# Evaluate Integral of x^2/(1 + e^sin(x))

1. Jan 4, 2010

### Gregg

1. The problem statement, all variables and given/known data

Evaluate $$\int^2_{-2} {x^2dx\over {1+e^\sin x}}$$

3. The attempt at a solution

No clue, tried a series expansion but it shed no light.

Last edited: Jan 5, 2010
2. Jan 4, 2010

### Gregg

This seems to be true

$$\int_{-a}^a{x^2dx \over {1+e^{\sin x} } } = {a^3\over 3}$$

Not sure how to get there though

Last edited: Jan 5, 2010
3. Jan 5, 2010

### Gregg

$$\int_{-2}^{2}\frac{x^2}{1+e^{\sin x}} dx$$

is the same as

$$\int_{0}^{2} \frac{x^2}{1+e^{\sin x}} dx+ \int_{0}^{2}\frac{x^2}{1+e^{\sin -x}}dx$$

Series expansion shows that

$$\frac{x^2}{1+e^{\sin x}} = \frac{x^2}{2}-\frac{x^3}{4}+\frac{x^5}{16}-\frac{7 x^7}{480} \cdots$$

$$\int \frac{x^2}{1+e^{\sin x}} dx= \frac{x^3}{6}-\frac{x^4}{16}+\frac{x^6}{96}-\frac{7 x^8}{3840}+\cdots$$

$$\frac{x^2}{1+e^{\sin -x}} = \frac{x^2}{2}+\frac{x^3}{4}-\frac{x^5}{16}+\frac{7 x^7}{480} \cdots$$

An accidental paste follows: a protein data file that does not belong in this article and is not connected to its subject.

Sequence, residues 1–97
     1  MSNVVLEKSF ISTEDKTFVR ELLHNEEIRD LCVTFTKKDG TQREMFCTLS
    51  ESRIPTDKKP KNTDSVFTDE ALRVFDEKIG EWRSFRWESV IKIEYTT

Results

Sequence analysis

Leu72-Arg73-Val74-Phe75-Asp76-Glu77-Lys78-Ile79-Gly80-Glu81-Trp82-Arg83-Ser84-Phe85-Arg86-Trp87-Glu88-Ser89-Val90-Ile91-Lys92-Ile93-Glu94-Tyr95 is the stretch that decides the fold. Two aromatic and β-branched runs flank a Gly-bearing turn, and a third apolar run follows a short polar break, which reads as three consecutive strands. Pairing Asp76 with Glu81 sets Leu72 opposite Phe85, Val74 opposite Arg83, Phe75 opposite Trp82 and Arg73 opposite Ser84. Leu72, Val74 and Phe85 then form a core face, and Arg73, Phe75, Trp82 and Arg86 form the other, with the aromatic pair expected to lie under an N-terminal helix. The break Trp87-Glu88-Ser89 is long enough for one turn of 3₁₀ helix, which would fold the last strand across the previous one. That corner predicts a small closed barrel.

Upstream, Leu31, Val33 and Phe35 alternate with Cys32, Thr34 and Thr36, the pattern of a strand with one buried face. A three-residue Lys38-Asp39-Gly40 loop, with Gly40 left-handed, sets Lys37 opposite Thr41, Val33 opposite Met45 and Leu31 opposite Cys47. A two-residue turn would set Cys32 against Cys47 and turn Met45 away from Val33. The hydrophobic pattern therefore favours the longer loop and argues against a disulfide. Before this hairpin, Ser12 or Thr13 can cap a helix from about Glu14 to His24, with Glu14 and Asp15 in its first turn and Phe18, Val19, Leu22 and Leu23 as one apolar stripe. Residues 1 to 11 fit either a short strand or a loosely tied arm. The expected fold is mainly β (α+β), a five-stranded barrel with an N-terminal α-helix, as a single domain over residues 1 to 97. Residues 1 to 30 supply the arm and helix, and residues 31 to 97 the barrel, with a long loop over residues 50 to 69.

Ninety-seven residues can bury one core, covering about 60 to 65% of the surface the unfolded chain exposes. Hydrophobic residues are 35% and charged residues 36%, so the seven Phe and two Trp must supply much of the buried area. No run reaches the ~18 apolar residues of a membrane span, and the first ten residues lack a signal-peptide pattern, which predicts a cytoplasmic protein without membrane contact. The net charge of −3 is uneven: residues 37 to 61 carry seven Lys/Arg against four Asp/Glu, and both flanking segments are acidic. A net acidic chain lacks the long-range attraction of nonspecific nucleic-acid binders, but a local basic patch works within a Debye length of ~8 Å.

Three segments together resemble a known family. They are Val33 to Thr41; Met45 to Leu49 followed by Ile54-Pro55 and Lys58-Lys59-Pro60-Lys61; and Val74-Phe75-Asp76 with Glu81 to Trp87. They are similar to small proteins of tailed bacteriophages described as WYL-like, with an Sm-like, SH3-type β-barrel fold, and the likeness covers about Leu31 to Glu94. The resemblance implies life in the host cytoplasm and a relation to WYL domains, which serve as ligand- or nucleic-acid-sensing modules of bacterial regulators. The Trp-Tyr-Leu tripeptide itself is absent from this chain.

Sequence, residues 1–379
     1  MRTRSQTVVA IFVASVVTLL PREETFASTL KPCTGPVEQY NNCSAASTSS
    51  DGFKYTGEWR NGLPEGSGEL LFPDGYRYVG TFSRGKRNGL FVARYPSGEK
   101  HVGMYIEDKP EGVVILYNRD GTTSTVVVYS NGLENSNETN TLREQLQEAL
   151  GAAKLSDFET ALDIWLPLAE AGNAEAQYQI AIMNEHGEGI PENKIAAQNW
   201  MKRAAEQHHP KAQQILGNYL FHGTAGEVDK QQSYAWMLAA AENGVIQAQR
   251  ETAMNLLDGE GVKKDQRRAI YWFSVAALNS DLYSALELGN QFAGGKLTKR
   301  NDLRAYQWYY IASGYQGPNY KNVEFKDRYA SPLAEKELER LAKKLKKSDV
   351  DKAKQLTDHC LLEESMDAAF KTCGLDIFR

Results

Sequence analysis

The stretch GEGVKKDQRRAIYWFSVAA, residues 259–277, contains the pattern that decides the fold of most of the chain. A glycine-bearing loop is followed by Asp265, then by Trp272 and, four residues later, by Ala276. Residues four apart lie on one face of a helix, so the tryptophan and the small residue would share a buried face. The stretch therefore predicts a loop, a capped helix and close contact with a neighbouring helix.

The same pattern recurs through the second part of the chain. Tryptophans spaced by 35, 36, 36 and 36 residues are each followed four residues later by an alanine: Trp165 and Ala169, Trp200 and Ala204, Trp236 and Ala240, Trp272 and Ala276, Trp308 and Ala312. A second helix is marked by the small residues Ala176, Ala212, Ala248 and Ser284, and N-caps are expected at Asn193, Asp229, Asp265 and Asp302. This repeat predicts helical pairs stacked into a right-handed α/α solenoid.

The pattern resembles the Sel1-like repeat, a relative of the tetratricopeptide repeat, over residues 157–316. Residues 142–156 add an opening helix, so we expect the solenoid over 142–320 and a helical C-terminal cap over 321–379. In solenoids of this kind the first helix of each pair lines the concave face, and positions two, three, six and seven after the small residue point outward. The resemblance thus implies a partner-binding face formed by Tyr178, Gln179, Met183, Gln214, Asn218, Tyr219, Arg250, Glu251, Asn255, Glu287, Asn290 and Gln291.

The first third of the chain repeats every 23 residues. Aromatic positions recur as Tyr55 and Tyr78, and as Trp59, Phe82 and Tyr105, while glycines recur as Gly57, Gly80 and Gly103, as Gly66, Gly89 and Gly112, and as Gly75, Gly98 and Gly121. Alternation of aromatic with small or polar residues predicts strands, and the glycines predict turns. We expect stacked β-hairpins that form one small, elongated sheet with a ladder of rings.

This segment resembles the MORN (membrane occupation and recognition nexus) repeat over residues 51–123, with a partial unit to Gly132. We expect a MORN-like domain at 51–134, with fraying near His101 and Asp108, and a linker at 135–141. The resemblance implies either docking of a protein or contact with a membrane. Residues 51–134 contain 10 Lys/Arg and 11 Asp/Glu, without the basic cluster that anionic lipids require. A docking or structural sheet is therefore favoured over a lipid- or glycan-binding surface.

$$\int \frac{x^2}{1+e^{\sin -x}}dx = \frac{x^3}{6}+\frac{x^4}{16}-\frac{x^6}{96}+\frac{7 x^8}{3840}-\cdots$$

$$\int \frac{x^2}{1+e^{\sin x}} dx+ \int \frac{x^2}{1+e^{\sin -x}}dx = \frac{x^3}{3}$$

That's as close as I can get. Before integration, changing x for -x preserves only the first term with an even index. Not really sure how to show that. I doubt this is the way the question is supposed to be answered.

Last edited: Jan 5, 2010
4. Jan 5, 2010

### Count Iblis

1/[1+exp(y)] + 1/[1+exp(-y)] =

1/[1+exp(y)] + exp(y)/[exp(y)+1] =

[1+exp(y)]/[1+exp(y)] = 1

5. Jan 6, 2010

### Gregg

hmmm so

x^2/(1+e^sinx) + x^2/(1+e^sin-x) = x^2. No need for expansion... I think it's a bit sneaky to expect you to notice the symmetry/assymetry in the integral etc.

6. Jan 6, 2010

### Count Iblis

Most people who know this would have noted it via the well known fact that the Bernouilli numbers B_n for odd n are all zero except for n = 1:

http://en.wikipedia.org/wiki/Bernoulli_number

This fact follows most easily by using the generating function of the Bernoulli numbers:

$$\frac{x}{\exp(x) - 1}=\sum_{n=0}^{\infty}\frac{B_{n}}{n!}x^n$$

and then using the same symmetry.

7. Jan 6, 2010

### Count Iblis

Or via the similar symmetry of the Fermi distribution function around the Fermi energy. That function has a plus 1 in the numerator, so its more similar to this problem.